Have you ever recorded just how much of your day’s work is billable hours and how much is non-billable hours? I did, and the results were scary.
As a soloist, I’ve always been clear about the value of my time. Inspired in part by Stacey Barr’s succinct business dashboard checklist (my base-line productivity barometer) I’d already set daily and weekly targets and goals as well as more long-term ones.
Then I checked my actual activity using a time-billing program. Without going into the gory details, let’s just say that I was shocked by what I learned.
Over a year, those 15-minute chunks of admin and email time that I was peppering my days with to break up the intense concentration of actually working really added up. Several weeks later, I’m still shaking my head in consternation at how much time I spent on that stuff last financial year.
Like many of you, I chose soloism because I love the flexibility and freedom it offers. So how did I get into the habit of wasting so many hours a week doing the busy work, rather than the important work?
Drastic action was required. The idea for my 8-billable-hours-a-day bootcamp was born.
Have you ever signed up for a fitness bootcamp? If this is a form of pain you haven’t yet had the pleasure of, let me tell you, it’s flipping hard. But you quickly develop endurance and strength – and you surprise yourself with what you can achieve.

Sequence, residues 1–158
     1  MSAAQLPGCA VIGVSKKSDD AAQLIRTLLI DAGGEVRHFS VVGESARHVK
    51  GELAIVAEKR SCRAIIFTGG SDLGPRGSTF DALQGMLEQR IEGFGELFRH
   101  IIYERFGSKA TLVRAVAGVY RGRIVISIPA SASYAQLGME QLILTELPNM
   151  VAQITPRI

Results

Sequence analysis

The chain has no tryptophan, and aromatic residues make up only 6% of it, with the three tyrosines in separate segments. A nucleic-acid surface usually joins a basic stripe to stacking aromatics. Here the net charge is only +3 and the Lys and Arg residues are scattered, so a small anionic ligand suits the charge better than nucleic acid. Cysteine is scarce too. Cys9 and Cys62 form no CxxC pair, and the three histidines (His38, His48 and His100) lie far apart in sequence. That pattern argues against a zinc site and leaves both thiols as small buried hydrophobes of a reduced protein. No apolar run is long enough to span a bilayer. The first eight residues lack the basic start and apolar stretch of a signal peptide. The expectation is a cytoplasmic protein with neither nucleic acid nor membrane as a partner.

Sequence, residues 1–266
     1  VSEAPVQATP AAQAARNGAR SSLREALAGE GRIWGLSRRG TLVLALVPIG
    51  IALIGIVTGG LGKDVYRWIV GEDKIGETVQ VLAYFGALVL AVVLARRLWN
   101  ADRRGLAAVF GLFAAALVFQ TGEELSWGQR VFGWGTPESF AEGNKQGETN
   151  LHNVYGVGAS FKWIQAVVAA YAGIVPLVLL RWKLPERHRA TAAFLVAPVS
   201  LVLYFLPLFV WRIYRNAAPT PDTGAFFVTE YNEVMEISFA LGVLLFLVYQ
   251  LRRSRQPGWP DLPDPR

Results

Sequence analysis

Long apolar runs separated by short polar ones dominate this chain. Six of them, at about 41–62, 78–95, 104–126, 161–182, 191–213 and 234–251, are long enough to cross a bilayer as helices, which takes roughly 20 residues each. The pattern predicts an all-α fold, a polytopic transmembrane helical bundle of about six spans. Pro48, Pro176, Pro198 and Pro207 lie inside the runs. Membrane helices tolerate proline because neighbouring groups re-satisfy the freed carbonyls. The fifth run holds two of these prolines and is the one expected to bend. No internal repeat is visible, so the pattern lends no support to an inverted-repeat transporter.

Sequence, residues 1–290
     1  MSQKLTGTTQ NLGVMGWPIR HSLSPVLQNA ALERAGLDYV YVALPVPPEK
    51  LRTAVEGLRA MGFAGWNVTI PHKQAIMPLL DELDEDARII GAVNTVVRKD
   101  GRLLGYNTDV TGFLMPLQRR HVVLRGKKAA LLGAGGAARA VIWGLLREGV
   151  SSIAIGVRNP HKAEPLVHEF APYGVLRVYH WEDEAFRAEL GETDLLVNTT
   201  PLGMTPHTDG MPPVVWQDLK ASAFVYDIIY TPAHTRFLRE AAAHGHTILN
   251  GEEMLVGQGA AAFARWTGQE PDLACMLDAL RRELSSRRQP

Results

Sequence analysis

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When the assigned period of intensive training is over, you’ve developed a new level of fitness that you’d be very reluctant to let slide. After all, you’ve literally worked your butt off for it.
That kind of shake-up was exactly what I needed for my workday, so I based my 8-billable-hours-a-day bootcamp on similar principles, including setting goals that were a BIG stretch (but still achievable), and incorporating an end date so I’d always remember that things won’t be this intense forever.
Halfway through my training, my endurance and focus are definitely stronger than they were a month ago, and my flexibility has improved too.
I’ll share the results of my experiment when it’s over, but meanwhile, if you’ve got any more tips on shaking things up for me, I’m all ears!
Oh, and thank you to everyone who got in touch with me after my first contribution to Flying Solo. Your comments and support were lovely to receive.